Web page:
Adventures of the Oklahoma Kid

Paul Davis, now 76, has spent his career pouring his far-reaching talent into a wide array of different projects, working as a painter, illustrator, and graphic designer
Paul Davis made this whale painting from wood, steel, and acrylics. It will be shown at Glenn Horowitz Bookseller later this summer. Morgan McGivern

When talking with young people, Paul Davis is quick to emphasize that becoming an artist isn’t so much about natural-born talent, but rather, how much you’re willing to apply yourself.

Looking at a handful of childhood drawings one recent morning, Mr. Davis acknowledged how far he’s come since the early stick-figure drawings of his youth. He also hoped to clear up any misconceptions.

“When people want to become artists, they think they have to have some magical quality already inside them,” Mr. Davis said in the living room of his house on Rector Street in Sag Harbor. “What they don’t generally understand is just how much nurturing and care that it takes.”

Never content to work in just one medium, Mr. Davis, now 76, has spent his career pouring his far-reaching talent into a wide array of different projects, working as a painter, illustrator, and graphic designer — often simultaneously.

He has lived in Sag Harbor, which he considers a refuge from the distraction of New York City, for nearly 50 years. “I think I can produce more work here than I can in the city. But it can get distracting here in the summer, too,” he said.

For decades, he has received international acclaim and attention, starting with a solo exhibition in Paris in 1968, a major museum retrospective in Japan, and then the 1977 grand opening of the Centre Georges Pompidou in Paris, to name but a few. Locally, he created the enduring identity for the Hampton Classic Horse Show; his painting and trademark logo has graced the cover of its program for over four decades. In the mid-1990s, Guild Hall also awarded him a lifetime achievement award in visual arts.

More recently, he traveled to Sarajevo in Bosnia and Herzegovina, where he served as the keynote speaker of “Sarajevo 100,” a festival of posters and multimedia works, which was part of a series of events commemorating the 100-year anniversary of the assassination of Archduke Franz Ferdinand, heir to the Austro-Hungarian throne, which led to the start of World War I.

For his Sarajevo submission, he never once picked up his paintbrush, relying only on technology. To create the poster, he used Photoshop and pictures of a painted wall in SoHo taken with his iPhone.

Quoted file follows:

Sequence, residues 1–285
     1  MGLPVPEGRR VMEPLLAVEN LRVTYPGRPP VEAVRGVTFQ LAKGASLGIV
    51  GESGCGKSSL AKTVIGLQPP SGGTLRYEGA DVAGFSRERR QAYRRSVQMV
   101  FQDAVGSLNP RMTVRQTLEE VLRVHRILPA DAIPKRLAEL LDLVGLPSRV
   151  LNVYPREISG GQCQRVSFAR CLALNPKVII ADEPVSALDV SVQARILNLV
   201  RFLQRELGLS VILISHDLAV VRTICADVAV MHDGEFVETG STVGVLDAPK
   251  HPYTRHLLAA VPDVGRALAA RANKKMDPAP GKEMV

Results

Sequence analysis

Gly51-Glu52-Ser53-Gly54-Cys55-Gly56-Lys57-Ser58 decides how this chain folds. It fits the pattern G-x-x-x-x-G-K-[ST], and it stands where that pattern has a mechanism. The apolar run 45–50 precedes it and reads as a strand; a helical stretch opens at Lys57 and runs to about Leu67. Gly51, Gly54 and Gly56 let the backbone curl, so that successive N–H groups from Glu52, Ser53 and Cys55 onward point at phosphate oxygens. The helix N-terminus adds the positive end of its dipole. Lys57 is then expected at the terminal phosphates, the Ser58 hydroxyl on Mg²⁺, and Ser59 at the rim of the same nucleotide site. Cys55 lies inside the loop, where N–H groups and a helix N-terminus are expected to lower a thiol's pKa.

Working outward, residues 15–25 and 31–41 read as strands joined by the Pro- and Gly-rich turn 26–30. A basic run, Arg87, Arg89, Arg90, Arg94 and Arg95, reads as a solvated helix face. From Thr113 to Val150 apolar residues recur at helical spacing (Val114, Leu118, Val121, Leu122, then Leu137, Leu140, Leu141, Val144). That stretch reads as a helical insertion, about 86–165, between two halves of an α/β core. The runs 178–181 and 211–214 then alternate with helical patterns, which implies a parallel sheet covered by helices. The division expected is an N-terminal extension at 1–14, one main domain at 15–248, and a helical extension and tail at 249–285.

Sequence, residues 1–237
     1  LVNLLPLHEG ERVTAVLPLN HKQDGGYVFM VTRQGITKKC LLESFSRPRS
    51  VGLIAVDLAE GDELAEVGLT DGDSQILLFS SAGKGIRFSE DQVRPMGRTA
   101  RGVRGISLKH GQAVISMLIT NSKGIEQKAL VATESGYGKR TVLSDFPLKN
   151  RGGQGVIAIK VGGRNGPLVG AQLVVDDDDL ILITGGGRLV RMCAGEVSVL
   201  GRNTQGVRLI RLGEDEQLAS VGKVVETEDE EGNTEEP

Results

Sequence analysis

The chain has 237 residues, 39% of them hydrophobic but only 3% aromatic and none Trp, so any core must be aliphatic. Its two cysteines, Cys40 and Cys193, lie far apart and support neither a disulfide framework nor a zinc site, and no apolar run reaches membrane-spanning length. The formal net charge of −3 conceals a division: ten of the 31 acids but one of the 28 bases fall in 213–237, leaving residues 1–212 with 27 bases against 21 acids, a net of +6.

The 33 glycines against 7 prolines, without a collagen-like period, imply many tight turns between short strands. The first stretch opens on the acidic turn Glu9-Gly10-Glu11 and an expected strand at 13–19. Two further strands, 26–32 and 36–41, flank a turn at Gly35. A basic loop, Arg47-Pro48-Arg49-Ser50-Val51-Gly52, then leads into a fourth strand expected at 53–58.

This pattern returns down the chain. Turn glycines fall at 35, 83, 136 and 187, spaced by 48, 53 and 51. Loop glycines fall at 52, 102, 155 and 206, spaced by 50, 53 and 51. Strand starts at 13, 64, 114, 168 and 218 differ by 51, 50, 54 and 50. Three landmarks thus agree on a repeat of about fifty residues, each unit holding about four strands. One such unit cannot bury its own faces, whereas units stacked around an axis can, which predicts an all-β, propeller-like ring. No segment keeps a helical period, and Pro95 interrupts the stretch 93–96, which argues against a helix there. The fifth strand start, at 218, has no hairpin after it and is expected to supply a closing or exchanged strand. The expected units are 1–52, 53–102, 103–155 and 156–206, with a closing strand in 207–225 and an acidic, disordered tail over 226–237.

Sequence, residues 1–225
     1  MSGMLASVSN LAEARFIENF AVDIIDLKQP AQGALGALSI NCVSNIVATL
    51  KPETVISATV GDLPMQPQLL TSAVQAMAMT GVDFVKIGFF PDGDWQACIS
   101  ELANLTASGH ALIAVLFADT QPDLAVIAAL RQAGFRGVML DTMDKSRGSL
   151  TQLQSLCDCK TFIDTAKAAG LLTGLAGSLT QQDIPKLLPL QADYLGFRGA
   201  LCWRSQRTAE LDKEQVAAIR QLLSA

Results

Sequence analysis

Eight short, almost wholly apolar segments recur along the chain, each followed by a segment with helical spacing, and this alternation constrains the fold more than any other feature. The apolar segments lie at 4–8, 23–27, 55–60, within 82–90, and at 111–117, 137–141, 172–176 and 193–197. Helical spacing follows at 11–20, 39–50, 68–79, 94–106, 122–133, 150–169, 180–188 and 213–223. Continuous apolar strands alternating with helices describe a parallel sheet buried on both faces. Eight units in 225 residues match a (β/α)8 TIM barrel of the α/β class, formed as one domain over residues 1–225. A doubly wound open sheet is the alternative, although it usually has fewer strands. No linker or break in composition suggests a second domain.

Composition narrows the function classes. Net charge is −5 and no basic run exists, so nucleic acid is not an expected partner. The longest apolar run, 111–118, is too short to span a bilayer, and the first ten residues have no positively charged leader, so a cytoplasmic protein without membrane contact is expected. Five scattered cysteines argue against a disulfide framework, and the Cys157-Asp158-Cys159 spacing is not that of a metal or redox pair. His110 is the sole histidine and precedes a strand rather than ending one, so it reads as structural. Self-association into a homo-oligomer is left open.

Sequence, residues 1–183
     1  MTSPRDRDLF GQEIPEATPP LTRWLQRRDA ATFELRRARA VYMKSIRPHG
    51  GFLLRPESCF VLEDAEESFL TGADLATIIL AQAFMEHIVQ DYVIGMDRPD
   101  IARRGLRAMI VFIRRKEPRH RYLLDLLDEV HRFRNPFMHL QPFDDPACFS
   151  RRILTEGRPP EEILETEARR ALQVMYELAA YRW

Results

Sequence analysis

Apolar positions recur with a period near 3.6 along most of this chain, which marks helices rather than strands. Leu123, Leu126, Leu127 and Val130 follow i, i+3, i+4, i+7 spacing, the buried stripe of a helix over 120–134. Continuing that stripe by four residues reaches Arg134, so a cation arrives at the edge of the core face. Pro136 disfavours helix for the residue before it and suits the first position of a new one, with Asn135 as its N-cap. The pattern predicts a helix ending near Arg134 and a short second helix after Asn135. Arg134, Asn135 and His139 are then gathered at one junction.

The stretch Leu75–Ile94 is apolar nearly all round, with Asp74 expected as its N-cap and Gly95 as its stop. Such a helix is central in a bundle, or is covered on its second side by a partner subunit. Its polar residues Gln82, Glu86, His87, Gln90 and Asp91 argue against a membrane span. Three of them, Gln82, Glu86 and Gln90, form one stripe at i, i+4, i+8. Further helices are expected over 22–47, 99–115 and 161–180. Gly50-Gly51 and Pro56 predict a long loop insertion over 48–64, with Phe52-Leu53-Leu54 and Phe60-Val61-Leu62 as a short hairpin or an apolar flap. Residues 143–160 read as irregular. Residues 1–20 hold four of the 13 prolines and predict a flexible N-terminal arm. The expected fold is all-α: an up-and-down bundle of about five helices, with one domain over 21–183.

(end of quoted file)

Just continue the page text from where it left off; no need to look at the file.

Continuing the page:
Later this summer, a benefit for Artists & Writers at Glenn Horowitz Bookseller in East Hampton will feature a recent whale painting, made of wood, steel, and acrylic paint. And come September, his portrait and cover design will appear on John Lahr’s 794-page interpretive biography of Tennessee Williams.

The flatness of the farmland in Bridgehampton, particularly when it was less developed, reminds him of the wide-open landscape of his childhood in Oklahoma. Born in 1938, Mr. Davis moved with his parents, Howard and Susan Davis, and siblings from small town to small town, following his father’s appointments in various parishes as a Methodist minister.

From ages 4 to 8, he communicated with his father, then stationed in Alaska during World War II, by sending drawings back and forth. Exposed to little formal artwork, he drew what he saw. Faces became an early, and lifelong, obsession.

“ ‘Have you sent any cartoons to the Saturday Evening Post?’ ” Mr. Davis recalled his grandfather prodding him when he was 10 or 11, adding, “ ‘I think you could do a whole lot better than the stuff they’re publishing.’ ”

“It was encouraging, but I didn’t take it totally seriously,” said Mr. Davis, who smiles easily. He wore a lemon yellow button-down shirt and khaki slacks. Circle-shaped wire eyeglasses framed his face, which has grown slimmer with age.

At Will Rogers High School, his art teacher nudged him in a similar direction. Still not taking the faraway possibility of someday becoming a professional artist altogether seriously, he entered his work in an art contest sponsored by Scholastic and won a three-year scholarship to the Cartoonists and Illustrators School on 23rd Street in New York. A year after his arrival in 1955, it was renamed the School of Visual Arts.